No uranium plan with Iran: Bolivia
Bolivia says it has no plans for joint uranium exploitation and exploration projects with Iran, although the two countries have agreed to build a nuclear plant in the South American country.
"The uranium issue is not on the agenda, neither in any agreements. We have not decided on anything about uranium and still we do not have conditions to do it. We do not have any plan for this issue," Xinhua quoted Bolivian Economy Minister Luis Arce as saying on Sunday.
Arce dismissed media reports that Bolivia had launched joint projects with Iran to exploit uranium, saying during the recent visit by Bolivian President Evo Morales to Iran, the two countries held no talks on uranium because Bolivia has no studies or research in hand regarding what its reserves of that substance might be.
"We still haven't talked about uranium. I think that we're still not in shape to do so. We have to make studies, analyses and investigations to be able to speak about uranium," the minister said.
The Bolivian minister expressed his country's regret for efforts by certain politicians from the opposition and some media reports to describe relations between Iran and Bolivia as a threat to world peace.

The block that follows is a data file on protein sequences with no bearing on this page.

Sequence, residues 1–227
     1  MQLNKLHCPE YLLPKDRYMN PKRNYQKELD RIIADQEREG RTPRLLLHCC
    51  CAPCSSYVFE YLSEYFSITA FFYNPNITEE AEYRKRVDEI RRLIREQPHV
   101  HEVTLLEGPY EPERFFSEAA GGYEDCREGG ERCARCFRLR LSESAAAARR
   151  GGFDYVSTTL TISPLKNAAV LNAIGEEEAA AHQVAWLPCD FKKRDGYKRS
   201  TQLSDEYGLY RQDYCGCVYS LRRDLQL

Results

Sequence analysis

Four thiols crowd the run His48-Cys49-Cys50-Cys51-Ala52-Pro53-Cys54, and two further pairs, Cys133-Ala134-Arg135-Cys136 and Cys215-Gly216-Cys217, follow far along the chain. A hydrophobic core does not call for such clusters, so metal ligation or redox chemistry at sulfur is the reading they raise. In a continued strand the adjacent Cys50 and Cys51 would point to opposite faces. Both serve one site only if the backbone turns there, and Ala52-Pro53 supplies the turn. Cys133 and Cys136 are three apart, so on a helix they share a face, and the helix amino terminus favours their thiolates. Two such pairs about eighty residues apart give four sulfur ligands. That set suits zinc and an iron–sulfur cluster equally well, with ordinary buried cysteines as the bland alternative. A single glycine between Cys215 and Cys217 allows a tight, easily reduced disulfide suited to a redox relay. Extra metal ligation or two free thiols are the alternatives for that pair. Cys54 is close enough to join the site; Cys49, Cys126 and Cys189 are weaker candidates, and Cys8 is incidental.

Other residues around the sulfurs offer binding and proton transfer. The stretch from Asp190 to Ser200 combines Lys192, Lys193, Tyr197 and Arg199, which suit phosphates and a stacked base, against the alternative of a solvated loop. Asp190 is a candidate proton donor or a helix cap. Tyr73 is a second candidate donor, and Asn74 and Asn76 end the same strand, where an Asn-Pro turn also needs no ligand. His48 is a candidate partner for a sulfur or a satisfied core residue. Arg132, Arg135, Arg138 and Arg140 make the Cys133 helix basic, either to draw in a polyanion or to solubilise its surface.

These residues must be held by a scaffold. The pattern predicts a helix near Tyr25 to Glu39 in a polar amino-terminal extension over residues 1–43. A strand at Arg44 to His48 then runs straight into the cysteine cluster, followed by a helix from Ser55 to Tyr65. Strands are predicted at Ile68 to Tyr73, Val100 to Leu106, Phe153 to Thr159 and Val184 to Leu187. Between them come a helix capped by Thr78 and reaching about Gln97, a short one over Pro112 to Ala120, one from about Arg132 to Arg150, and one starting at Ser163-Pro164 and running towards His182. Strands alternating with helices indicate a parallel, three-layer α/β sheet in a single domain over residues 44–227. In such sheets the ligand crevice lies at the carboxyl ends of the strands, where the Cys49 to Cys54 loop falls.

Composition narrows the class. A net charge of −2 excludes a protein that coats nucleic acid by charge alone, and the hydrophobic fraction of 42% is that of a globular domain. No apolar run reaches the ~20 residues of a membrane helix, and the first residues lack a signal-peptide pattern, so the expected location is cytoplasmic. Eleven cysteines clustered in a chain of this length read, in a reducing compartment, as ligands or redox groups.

The remarks came after President Morales confirmed on Saturday that Bolivia plans to build a nuclear plant with Iran's help, stressing the facility would be for peaceful purposes.
"There is nothing to lie about: One of the things we are working on with Iran is of course to have a nuclear plant, to generate energy," Morales said.
The Bolivian president arrived in the Iranian capital, Tehran, for a three-day official visit last Sunday to strengthen bilateral ties and seek more Iranian investment in the South American country.
During his meetings with Iranian officials, Morales invited Iran to establish a stronger presence in Bolivia. The two countries also signed five memoranda of understating following the talks.
Iran, as a member of the International Atomic Energy Agency and a signatory to the Nuclear Non-Proliferation Treaty, seeks to use the peaceful applications of nuclear energy for electricity generation and medical research.